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Where did all my money go??

About three weeks ago I got a call from a first home buyer I had pre-approved – and the first thing she asked me was “Do you know where all my KiwiSaver money has gone?”

Unfortunately I didn’t have the answer she wanted to hear but I could explain what had happened – and run through how to be ready and ensure your house deposit isn’t eroded away by a sneaky virus called Covid-19!

In recent months with the Covid-19 pandemic sweeping across the world, investments in general have taken a hit. KiwiSavers, share portfolios and even small businesses are all suffering the effects of the rampant virus.

Many first home buyers have been watching incredible returns over the past 6 months – especially if they are in growth funds. But those funds are high growth for a reason – because they are also risky, and many of them have now dropped with market uncertainty.

So firstly – what actually is Kiwisaver?

Introduced in 2008, KiwiSaver is New Zealand’s Superannuation scheme, intended to provide savings for when you retire.

It’s also accessible to form part of a deposit to purchase your first home. For many first home buyers it’s a large chunk of their deposit, and it’s withdrawn through your lawyer, who facilitates the transfer of your KiwiSaver money from your KiwiSaver provider’s account, through to the vendor when you buy a house.

But KiwiSaver is also an investment, not just a savings account. And like all investments, there are options for how best to manage your fund.

​So what does “managing KiwiSaver” mean?

Us Kiwis are notorious for signing up to whatever fund our employer puts us in. The statistics around how many people actually review what KiwiSaver provider they are with, let alone what kind of fund they are in, is massively low. We tend to “set and forget”, perhaps without the “setting” part!

Broadly speaking, funds come in a few different categories, namely Conservative, Moderate and Aggressive, or Growth. Respectively they are low, medium and high risk vs. reward. Most standard funds are conservative by default. So usually if you haven’t changed or reviewed your fund, your balance doesn’t move that much as it’s invested in low risk investments. The best person to explain these to you in detail and give advice around funds is a KiwiSaver Advisor, an Authorised Financial Advisor.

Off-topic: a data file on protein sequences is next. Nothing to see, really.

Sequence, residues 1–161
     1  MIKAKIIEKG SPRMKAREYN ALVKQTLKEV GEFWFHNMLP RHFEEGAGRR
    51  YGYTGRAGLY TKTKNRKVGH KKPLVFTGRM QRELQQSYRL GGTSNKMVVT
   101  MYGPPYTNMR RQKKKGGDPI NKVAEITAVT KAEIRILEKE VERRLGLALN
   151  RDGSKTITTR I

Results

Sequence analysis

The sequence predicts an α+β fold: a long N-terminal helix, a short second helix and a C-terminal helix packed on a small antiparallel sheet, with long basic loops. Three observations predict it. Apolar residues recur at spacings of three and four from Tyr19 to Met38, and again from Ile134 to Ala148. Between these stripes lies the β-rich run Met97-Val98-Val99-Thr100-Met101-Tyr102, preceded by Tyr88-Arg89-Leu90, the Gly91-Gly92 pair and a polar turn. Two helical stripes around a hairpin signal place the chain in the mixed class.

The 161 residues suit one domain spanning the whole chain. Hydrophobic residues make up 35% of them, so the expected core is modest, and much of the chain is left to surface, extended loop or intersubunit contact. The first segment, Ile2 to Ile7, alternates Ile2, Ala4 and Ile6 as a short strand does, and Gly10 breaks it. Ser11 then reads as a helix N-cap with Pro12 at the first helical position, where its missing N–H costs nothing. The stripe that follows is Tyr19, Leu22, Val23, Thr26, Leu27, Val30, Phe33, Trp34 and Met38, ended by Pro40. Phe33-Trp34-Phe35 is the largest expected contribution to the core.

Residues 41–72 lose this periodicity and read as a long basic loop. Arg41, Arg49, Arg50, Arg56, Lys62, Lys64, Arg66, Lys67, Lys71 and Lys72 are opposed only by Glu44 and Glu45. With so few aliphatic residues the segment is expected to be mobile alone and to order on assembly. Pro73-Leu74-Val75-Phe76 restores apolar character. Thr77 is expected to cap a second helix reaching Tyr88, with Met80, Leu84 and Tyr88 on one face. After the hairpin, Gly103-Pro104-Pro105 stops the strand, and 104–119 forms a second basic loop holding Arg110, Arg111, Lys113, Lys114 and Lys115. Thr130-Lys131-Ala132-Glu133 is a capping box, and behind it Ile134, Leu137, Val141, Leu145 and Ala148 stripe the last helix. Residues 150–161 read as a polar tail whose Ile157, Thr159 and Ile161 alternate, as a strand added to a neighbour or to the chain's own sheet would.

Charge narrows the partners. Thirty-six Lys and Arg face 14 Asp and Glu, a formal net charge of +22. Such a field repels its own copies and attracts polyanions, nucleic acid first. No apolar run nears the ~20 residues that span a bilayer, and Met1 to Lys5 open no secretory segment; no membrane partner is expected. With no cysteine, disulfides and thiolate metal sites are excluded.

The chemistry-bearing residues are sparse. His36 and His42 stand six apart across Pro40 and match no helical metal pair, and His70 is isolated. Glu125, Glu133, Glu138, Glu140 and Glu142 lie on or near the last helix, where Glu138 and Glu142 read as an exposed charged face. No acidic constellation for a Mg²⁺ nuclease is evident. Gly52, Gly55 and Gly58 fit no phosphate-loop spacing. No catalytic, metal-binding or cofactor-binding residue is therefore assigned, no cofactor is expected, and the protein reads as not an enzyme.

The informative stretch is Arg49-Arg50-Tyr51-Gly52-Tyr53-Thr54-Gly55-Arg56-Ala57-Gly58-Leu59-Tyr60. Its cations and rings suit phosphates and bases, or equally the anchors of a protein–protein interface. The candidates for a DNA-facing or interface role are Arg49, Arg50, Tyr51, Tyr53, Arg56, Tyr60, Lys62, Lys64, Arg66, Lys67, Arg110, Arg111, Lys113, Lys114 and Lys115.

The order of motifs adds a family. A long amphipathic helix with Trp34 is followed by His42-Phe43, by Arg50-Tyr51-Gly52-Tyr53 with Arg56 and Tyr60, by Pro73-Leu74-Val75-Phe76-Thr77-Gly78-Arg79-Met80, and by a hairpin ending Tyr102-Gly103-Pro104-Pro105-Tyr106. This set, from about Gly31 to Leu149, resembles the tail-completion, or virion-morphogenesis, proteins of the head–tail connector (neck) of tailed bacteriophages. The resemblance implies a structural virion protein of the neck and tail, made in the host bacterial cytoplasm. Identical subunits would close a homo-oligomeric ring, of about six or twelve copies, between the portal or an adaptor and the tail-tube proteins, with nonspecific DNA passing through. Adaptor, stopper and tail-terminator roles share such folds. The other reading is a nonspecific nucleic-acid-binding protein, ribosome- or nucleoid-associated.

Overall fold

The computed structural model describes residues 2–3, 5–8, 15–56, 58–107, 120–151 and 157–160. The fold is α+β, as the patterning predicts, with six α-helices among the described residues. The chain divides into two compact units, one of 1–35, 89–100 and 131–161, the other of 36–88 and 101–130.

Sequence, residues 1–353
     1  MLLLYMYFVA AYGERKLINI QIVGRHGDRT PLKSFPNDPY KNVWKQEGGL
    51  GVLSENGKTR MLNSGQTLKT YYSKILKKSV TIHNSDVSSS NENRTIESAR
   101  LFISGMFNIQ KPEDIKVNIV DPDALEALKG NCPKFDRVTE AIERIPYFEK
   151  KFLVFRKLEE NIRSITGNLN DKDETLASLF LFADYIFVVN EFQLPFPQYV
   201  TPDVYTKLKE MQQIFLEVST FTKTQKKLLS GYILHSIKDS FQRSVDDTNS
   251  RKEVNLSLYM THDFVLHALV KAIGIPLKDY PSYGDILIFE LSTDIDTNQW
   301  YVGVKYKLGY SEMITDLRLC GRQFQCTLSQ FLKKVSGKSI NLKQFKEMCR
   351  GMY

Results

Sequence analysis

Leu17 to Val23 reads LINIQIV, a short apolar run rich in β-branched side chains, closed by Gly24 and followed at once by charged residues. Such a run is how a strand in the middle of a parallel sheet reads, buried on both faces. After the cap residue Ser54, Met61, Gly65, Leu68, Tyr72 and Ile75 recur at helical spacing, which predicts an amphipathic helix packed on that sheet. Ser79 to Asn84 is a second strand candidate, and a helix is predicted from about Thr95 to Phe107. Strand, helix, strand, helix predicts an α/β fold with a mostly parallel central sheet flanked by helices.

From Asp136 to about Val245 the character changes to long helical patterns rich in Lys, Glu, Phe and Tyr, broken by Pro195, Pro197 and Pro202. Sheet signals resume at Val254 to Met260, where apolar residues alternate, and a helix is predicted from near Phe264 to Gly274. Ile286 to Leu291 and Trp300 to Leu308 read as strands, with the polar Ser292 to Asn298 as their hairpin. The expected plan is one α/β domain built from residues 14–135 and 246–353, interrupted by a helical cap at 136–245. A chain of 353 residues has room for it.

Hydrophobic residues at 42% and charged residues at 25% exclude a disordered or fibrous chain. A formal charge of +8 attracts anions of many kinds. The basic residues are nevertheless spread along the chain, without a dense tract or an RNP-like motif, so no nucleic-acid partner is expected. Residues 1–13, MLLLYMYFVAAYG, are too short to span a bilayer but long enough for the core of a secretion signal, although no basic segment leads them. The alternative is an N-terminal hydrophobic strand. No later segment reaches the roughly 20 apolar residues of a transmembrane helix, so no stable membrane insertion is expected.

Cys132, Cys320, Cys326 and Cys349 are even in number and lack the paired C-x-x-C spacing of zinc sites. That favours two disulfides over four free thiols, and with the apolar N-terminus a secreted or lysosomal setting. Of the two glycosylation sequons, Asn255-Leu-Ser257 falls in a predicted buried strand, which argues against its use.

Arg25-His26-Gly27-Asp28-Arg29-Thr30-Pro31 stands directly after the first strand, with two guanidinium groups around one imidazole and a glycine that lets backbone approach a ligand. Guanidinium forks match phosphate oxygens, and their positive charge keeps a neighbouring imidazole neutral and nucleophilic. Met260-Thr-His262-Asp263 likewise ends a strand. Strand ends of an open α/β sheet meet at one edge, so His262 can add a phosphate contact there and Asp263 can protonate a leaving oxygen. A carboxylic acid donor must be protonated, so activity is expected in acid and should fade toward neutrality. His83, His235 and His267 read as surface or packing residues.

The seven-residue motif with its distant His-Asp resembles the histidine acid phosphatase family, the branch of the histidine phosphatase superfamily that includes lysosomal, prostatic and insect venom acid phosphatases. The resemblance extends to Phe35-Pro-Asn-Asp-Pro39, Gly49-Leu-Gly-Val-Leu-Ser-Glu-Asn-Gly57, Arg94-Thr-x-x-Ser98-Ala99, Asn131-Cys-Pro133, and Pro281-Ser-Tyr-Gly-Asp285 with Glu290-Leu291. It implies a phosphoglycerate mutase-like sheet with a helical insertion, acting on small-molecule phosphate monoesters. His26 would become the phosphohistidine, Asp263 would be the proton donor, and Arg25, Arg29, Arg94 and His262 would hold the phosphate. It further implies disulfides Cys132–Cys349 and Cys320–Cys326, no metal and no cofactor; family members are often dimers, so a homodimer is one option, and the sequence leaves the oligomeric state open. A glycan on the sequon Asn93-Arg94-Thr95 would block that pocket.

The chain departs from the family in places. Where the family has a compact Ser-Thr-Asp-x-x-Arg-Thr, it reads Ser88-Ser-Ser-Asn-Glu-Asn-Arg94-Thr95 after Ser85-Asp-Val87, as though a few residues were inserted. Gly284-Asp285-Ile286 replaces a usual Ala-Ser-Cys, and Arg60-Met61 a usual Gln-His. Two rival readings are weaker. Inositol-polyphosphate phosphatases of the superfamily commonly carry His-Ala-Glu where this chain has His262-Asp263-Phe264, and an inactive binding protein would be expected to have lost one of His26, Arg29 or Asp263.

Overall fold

While we’re experts in helping you choose the right home loan, they explain investments and your different options around which fund to choose and why. Like us, they do this every day for a huge range of different people.

For example, a younger person who is a long way from retirement might be able to take a slightly higher risk in their fund than someone who needs to withdraw their KiwiSaver in the near future. That’s because there’s time for you to recoup any potential losses.

​How will it affect me?

If you’re looking to buy your first home or you’re pre-approved – the bank will ask for an updated balance to ensure the money is still in your KiwiSaver account. If it’s dropped, they might not be able to lend you the same amount of money.

The first thing you need to do is check your KiwiSaver balance, either by looking at your app if it’s with your bank, or by contacting your provider online or via phone. If you’re not sure who your provider is, it should be listed in your IRD KiwiSaver section – log into myIR here and check that out.

If your KiwiSaver has dropped significantly – you may be in a high growth fund, and it’s important to get advice around the best way to manage it heading forward. If you’re pre-approved and want to buy a house, you’ll need to prove you still have enough money.

​As always, we’re here to help

We can recommend someone to talk to about your KiwiSaver, and help you through making sure you’ve got enough money to complete your purchase. We can also make changes to your current loan approval and point you in the right direction if you’re not sure!

Adam, Claire, Greg and the My Mortgage Team.